Mar 29, '07I really feel for you Suesuatch but always carry something to cover yourself. I was told however by the hospital lawyer at one place I worked ( under the table as he said it would cost his job it they knew he told me this), that always carry it but, do not ever tell anyone you work with even if you trust them completely. And for heaven's sake, do not tell your employer. Why you may ask? Because the hospitals have been known to get rid of the employee and then change a policy that you followed to the letter prior, then state you did not follow the proper protocol or ploicy. This came straight from his mouth. Then the patient and or his family or heirs can go directly after you.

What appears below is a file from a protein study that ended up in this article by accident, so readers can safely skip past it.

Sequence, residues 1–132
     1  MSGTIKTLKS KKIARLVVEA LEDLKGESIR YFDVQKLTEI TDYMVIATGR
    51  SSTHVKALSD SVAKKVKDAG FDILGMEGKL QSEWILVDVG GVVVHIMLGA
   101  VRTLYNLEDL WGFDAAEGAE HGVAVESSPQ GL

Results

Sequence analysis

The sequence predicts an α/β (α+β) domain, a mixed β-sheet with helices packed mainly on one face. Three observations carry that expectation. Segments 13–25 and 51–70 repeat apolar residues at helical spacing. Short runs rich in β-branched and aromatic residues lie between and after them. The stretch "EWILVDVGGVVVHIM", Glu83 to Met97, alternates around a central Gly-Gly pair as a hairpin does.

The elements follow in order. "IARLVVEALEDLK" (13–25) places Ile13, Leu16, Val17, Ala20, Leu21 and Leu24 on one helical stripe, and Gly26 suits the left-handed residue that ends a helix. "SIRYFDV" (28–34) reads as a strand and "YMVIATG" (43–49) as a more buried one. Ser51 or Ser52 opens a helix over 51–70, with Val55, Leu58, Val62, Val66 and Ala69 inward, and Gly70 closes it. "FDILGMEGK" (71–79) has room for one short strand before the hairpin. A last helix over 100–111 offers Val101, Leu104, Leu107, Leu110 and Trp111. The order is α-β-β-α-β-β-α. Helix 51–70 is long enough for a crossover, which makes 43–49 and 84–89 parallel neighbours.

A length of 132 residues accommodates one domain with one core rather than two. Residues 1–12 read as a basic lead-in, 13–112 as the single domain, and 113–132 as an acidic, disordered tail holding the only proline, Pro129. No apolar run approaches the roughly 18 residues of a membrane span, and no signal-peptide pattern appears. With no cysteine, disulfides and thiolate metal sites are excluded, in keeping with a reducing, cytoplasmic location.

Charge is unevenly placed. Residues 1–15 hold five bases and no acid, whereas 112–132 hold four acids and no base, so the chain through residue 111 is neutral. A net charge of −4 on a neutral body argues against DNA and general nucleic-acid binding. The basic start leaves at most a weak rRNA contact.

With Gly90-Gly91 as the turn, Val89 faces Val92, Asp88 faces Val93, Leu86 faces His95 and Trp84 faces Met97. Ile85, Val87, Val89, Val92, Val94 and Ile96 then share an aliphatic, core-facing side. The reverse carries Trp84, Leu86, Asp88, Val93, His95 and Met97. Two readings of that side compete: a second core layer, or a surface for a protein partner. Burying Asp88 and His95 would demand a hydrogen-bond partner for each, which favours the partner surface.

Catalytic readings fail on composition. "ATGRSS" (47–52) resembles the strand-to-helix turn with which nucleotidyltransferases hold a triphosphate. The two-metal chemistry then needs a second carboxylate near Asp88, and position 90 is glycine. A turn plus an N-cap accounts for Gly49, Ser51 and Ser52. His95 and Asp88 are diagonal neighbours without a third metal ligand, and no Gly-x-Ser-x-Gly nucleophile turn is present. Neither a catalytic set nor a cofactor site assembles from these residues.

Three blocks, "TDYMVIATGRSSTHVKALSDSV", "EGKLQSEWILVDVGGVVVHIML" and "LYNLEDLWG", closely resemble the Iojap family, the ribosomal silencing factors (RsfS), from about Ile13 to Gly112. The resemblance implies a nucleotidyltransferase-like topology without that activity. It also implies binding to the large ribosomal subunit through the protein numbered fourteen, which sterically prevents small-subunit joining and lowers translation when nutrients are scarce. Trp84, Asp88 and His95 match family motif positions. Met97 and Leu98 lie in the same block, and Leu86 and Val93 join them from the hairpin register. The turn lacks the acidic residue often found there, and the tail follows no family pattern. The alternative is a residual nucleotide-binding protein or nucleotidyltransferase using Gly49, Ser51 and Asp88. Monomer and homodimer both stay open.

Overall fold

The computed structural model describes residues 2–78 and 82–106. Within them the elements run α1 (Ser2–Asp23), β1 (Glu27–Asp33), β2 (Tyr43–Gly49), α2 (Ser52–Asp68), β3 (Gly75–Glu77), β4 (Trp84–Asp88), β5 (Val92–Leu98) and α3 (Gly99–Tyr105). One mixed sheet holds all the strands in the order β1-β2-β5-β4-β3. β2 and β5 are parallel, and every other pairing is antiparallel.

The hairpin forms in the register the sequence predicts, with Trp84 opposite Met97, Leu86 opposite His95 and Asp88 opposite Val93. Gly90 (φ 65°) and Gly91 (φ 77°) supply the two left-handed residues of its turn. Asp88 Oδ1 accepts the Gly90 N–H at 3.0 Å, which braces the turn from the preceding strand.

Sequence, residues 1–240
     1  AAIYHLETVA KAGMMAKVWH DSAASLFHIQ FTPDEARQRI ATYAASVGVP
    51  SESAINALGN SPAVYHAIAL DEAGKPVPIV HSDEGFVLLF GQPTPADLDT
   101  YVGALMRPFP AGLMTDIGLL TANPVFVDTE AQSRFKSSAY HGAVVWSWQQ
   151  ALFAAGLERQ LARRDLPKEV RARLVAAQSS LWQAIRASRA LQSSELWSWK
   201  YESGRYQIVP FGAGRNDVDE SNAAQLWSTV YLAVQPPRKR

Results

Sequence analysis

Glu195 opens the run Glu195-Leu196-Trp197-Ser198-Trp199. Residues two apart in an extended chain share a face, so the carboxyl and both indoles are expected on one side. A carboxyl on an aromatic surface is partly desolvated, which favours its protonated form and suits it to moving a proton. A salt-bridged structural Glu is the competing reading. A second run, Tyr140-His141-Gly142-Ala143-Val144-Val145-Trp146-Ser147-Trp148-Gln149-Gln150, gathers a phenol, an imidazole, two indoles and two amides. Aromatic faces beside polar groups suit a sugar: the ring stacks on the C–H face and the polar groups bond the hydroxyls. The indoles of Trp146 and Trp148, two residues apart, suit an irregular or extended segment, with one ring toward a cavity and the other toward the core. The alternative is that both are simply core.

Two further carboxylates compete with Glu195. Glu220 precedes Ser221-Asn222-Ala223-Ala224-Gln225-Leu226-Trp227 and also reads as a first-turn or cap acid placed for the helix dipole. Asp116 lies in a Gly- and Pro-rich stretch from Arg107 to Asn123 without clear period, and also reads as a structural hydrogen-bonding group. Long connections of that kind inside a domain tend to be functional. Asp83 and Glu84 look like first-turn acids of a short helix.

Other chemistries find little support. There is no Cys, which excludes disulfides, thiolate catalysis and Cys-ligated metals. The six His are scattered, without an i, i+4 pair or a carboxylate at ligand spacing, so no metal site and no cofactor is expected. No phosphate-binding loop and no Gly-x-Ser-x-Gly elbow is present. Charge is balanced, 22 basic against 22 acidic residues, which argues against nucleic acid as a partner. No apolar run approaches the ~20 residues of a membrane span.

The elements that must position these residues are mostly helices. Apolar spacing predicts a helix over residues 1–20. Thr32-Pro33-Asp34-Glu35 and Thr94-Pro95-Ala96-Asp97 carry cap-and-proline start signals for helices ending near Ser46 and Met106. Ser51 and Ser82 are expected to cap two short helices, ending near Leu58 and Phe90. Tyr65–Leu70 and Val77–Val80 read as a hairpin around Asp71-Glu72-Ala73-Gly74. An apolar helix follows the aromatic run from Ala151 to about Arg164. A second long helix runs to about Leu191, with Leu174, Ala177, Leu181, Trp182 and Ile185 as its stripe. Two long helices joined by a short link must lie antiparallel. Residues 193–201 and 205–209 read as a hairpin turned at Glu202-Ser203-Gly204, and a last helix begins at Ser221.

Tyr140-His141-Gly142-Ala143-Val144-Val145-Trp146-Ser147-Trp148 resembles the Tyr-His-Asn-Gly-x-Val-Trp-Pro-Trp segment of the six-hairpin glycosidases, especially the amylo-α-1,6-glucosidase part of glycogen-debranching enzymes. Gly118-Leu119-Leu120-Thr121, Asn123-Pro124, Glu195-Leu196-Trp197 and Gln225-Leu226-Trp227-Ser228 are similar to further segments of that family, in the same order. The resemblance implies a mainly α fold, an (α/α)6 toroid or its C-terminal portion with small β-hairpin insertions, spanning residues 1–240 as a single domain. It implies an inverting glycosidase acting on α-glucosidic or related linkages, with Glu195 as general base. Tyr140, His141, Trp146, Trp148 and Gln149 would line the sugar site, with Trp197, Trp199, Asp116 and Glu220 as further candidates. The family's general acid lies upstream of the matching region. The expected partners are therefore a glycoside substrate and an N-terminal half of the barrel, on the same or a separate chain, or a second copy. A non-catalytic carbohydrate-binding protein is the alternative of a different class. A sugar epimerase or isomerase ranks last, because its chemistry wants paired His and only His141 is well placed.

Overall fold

This is just unfortunately how far some places will go to cover up a scandal. He said it is always best to not do or say a word unless you see you are going to be canned anyway(protect yourself and call your own insurance and tell them the situation so they have time to get copies of the files before any evidence gets corrupted)and then continue let the hospital cover the situation without telling them you contacted anyone. The families and /0r patient will go after the "big pockets" of an institution befor e they whould want to come after you.